On May 18th 1980 Ian Curtis killed himself at his home in Macclesfield (see below for more details). His suicide came as a great shock to those who knew him. With the benefit of hindsight, many apparent clues to his frame of mind can be found, but no-one really knows what drove Ian to take his own life.

While Ian Curtis was clearly unusual in many respects, the popular "doom and gloom" image left by his suicide and by some of his songs is not recognised by most of the people who knew him. Although some people now remember only his suicide, we remember Ian's key contribution to a talented band and to a musical era.

Ian's work as a civil servant

Most of the details in this section were kindly provided by Ian's former colleagues Bert Bretherton and Patrick Ell

Ian Curtis worked as a civil servant for the government department which was responsible for the payment of unemployment benefits and for helping unemployed people to find work. We are not sure exactly when this job started and finished, but Ian was certainly a full-time civil servant when Joy Division's early successes gave him hopes of become a full-time musician. We don't know of any other leading light in the music business who successfully held down another responsible full-time job.

Ian worked first for the Manpower Services Commission, as it was then called, at the Sunley Building in Manchester city centre and then at Washington House on the border of Manchester and Salford. He was a Clerical Officer working in one of the accounts sections of the Training Services Division, which at the time administered Training Opportunities Schemes (TOPS) on behalf of the government. Unemployed people were paid a training fee to re-train on a wide range of skills such as bricklaying, plastering or engineering. The accounts sections paid both the trainees and the colleges and employers who trained them.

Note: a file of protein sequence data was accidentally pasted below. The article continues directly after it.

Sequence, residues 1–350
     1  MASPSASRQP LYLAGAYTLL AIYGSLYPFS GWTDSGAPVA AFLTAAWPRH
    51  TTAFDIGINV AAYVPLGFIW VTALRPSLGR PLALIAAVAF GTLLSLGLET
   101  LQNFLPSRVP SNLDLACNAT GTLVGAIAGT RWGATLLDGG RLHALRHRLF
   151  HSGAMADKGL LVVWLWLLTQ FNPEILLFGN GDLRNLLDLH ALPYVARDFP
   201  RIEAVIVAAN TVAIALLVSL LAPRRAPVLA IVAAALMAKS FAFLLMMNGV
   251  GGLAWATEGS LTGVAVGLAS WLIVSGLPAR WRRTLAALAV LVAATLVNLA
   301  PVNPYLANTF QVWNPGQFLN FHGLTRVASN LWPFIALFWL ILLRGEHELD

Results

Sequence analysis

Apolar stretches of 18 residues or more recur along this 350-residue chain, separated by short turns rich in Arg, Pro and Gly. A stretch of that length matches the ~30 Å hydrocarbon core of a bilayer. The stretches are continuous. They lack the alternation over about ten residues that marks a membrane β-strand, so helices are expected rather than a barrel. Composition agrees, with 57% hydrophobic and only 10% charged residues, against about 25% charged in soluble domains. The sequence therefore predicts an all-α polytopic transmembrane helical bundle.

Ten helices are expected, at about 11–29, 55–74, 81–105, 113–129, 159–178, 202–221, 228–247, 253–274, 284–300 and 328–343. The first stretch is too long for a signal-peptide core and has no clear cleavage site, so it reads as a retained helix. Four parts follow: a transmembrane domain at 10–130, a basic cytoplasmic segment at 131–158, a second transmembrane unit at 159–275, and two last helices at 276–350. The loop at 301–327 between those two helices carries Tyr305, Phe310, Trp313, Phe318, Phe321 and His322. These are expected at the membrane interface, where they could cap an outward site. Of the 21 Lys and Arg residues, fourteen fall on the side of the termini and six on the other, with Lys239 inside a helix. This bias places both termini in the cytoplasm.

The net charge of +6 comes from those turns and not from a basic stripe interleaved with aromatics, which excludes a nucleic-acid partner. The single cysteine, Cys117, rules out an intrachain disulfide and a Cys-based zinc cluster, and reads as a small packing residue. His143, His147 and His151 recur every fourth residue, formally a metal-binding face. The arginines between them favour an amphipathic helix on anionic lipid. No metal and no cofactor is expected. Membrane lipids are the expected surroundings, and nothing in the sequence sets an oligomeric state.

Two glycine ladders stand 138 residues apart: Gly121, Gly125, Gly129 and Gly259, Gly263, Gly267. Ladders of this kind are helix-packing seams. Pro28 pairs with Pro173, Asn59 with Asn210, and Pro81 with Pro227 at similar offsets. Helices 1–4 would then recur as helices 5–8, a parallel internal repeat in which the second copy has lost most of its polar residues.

His work colleagues in Manchester found him a very quiet, lovely person. They kept in touch on work-related matters even after Ian transferred to Macclesfield. Ian would talk about his band but did not boast about it. A colleague recalls a conversation in a corridor by the lifts about the name change from Warsaw to Joy Division. Ian did on occasions bring in his latest release and a number of people who worked closely with Ian got him to sign them on the basis that one day he could be famous!

Ian probably worked here until well into 1978 before moving to a new job as an Assistant Disablement Resettlement Officer based at the JobCentre in Macclesfield. The aim of his new job was to help people with special needs, due to some type of physical or mental disability, to find and retain employment. One of the factors that motivated him to apply for the job in Macclesfield was that it would take him about five minutes to walk from home to work instead of the awkward journey he had by public transport to central Manchester.

In Macclesfield Ian sought job vacancies and training opportunities that matched the abilities of those JobCentre clients he dealt with professionally. He also sought to influence employers to overcome any prejudices they might have towards considering people with disabilities. One can only imagine how Ian coped with the responsibility he must have felt towards these people, who in the main would be unemployed and coming to terms with their own problems, in less enlightened times when equality of opportunity was a myth.

A senior training team member with the Employment Service based in Aytoun Street in Manchester tutored Ian (in a group of ten) to develop the knowledge, skills and attitudes to carry out these interviewing and marketing activities successfully. He remembers Ian as a serious-minded member of the group who only spoke when he had something worth saying. Ian had something about him that made him stand out. It would be pretentious to say it was an "aura" - more it was an attitude, a stance, an individuality.

Ian's line manager was the Disablement Resettlement Officer (DRO) at Macclesfield Employment Exchange/JobCentre and he was a good friend to Ian. At that time there were layers of different generations of staff within the Department. To cope with the introduction of the national JobCentre programme, a fresh group of bright young things were recruited to breathe enthusiasm into the new age of helping people find jobs and employers find people. These included Ian.

The DRO was more than a boss to Ian and looked after him as a mentor and "father figure". Ian would have confided in him, much as young men do in their favourite uncle. He would have known that Ian suspected he suffered from epilepsy long before he started work with him and before he did his Assistant DRO training. DRO and ADRO teams were a two-person bonded force. There was a closeness that other staff did not experience - there were no other teams like these. The DRO would have helped Ian with his decision to formally register as a disabled person himself and seek help from a national support group.